French Films to be Shown at VMI: Public Invited to Attend
LEXINGTON, Va., Aug. 28, 2023 — The Department of Modern Languages and Cultures and the Dean’s Academic Speakers Fund at Virginia Military Institute present five French films as part of the 2023-24 Albertine Cinémathèque film series. Albertine Cinémathèque expands access to French cinema and supports film programming at American colleges and universities. All films will be shown in the Nichols Engineering Building auditorium. They are free, open to the public, and have English subtitles.
The first film, “The Gravity” will be shown Tuesday, Sept. 5 at 7:45 p.m. A science-fiction movie made earlier this year, “The Gravity” is about an unprecedented alignment of planets impacting gravity that will upset the balance of a ghetto, and the destiny of two sets of brothers eager to do anything for their freedom in an unceasing fight between old and new generations.
The second film titled, “Saint Omer,” will be shown Saturday, Sept. 23 at 8 a.m. This movie is a drama made in 2021. It tells the story of Rama, a young novelist who attends the trial of Laurence Coly, a young woman accused of killing her 15-month-old daughter by abandoning her to the rising tide on a beach in northern France. But as the trial continues, the words of the accused and witness testimonies will shake Rama’s convictions and call into question the viewer’s own judgement.
“Revoir Paris,” a drama, will be shown Monday, Oct. 9 at 7:45 p.m. After an idyllic date night full of red wine and a late-night motorcycle ride home, Mia stops at a Parisian bistro to take shelter from a downpour. Her reprieve is shattered when a gunman opens fire. Three months later, with a frustratingly hazy memory of the attack, Mia finds herself numbed and unable to resume her life. “Revoir Paris” is a moving meditation on grief, healing, and the importance of connections forged in tragedy.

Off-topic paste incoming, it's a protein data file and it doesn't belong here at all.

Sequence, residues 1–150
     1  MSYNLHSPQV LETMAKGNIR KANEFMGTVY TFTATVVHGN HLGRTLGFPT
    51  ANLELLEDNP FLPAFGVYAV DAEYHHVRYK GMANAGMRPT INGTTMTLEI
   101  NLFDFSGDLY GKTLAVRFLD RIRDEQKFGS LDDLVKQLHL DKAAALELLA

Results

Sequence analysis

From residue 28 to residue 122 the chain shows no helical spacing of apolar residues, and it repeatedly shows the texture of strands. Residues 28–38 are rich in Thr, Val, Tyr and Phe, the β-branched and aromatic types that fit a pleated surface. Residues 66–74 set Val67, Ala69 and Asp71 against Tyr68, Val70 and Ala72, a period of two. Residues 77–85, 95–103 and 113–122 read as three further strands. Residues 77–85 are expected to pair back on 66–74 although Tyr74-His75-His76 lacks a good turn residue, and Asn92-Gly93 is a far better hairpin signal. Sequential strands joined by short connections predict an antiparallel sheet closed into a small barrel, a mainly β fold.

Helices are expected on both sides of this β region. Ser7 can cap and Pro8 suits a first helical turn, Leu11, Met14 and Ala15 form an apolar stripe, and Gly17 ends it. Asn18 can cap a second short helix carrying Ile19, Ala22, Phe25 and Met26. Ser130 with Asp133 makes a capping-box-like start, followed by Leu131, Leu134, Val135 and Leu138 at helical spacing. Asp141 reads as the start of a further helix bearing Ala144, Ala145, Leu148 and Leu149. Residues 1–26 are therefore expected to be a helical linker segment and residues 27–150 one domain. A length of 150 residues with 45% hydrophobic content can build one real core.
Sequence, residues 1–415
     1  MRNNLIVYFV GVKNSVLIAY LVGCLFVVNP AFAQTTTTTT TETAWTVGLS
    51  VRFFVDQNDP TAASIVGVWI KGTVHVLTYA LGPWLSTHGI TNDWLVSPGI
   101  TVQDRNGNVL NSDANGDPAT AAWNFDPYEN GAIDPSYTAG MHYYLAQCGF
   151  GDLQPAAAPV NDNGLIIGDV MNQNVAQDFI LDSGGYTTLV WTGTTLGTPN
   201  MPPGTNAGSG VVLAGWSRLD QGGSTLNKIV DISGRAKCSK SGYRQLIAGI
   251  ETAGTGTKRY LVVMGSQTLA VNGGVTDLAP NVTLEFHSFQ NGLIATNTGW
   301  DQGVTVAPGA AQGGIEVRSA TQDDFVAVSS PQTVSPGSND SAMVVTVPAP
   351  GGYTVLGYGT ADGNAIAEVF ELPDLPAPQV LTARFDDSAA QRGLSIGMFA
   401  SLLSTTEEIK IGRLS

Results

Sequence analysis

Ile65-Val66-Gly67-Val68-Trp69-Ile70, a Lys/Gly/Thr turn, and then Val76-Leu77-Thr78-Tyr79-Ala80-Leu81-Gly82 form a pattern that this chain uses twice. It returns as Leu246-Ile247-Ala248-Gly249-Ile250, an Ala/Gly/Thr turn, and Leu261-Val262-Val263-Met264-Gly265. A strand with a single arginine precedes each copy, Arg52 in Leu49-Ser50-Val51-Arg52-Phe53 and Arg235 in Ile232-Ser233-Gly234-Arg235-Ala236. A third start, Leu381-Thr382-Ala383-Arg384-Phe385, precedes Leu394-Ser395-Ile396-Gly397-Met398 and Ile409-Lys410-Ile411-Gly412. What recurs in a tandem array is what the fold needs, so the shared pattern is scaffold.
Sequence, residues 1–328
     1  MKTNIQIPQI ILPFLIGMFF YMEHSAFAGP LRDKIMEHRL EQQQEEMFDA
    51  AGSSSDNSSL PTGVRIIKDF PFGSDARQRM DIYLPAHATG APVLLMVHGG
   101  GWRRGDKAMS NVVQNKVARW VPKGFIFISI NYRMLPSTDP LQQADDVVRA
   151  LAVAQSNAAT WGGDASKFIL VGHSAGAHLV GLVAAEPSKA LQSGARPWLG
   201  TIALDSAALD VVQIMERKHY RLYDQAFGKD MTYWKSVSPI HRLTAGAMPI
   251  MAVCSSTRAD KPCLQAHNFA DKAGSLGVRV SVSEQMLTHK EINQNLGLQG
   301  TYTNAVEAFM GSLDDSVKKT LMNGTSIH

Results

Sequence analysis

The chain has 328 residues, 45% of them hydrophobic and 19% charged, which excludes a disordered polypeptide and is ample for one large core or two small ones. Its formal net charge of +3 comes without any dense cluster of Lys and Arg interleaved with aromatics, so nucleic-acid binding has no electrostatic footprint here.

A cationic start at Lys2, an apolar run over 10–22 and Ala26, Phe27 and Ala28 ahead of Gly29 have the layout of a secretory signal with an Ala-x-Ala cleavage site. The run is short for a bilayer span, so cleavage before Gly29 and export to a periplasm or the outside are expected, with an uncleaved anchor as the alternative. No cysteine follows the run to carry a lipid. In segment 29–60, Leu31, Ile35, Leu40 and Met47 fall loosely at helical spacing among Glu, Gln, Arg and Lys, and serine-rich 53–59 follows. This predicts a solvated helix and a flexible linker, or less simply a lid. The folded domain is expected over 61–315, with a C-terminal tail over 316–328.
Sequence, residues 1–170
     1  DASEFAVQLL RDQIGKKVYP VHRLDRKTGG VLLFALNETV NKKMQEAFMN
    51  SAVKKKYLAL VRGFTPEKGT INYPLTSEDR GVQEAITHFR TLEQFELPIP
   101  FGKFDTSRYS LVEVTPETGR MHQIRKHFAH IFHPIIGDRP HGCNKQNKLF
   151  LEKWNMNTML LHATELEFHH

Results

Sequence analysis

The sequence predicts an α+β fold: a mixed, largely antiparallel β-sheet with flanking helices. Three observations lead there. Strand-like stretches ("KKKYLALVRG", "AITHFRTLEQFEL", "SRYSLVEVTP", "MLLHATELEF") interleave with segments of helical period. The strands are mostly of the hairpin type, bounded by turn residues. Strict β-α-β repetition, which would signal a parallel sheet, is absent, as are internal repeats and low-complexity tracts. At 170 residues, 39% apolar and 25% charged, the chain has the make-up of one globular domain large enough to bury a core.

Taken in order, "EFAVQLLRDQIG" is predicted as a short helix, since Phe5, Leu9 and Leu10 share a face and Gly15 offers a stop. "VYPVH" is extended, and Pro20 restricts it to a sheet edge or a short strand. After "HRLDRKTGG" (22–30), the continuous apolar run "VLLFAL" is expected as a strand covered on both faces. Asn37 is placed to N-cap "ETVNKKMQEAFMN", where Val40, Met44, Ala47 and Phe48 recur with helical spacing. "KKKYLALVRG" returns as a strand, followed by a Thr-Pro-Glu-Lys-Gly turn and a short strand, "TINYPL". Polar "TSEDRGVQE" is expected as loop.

“Casablanca Beats” is scheduled for Thursday, Oct. 19 at 7:45 p.m. In this film, despite differences in identity, religion, and politics, former rapper, Anas encourages his students to bond together and break free from the weight of restrictive traditions in order to follow their passion and express themselves through the arts. Featuring a dynamic ensemble of first-time actors, many of them students of the real-life cultural center where the film was shot, “Casablanca Beats” is a vibrant and inspiring coming-of-age, hip-hop musical with a decidedly feminist edge. Morocco’s official submission to the 94th Academy Awards offers a refreshing dose of youthful inspiration alongside a powerful message about the liberating power of self-expression.
The last film, “Onoda: 10,000 Nights in the Jungle,” is a war drama and will be shown Saturday, Nov. 4 at 8 a.m. Based on the true story of Hiroo Onoda, the legendary Japanese soldier who spent 30 years in the Philippine jungle, refusing to surrender because he was convinced World War II had not ended. Camouflaged by leaves and bark, shooting water buffalo for sustenance, Onoda will not believe even the recordings of his brother’s voice, imploring him to give up, or the magazine articles left for him in the jungle, meant to enlighten him about a world that had changed dramatically since 1944. Was Onoda a self-deluded fanatic or a paragon of patriotism? Harari’s poignant, epic drama reveals the complexities of the man who became a modern myth.
Albertine Cinematheque is a program of FACE Foundation and Villa Albertine, with support from the CNC / Centre National du Cinema, and SACEM / Fonds Culturel Franco-Américain.
For more information, contact Col. Jeff Kendrick at firstname.lastname@example.org or 540-464-7067.
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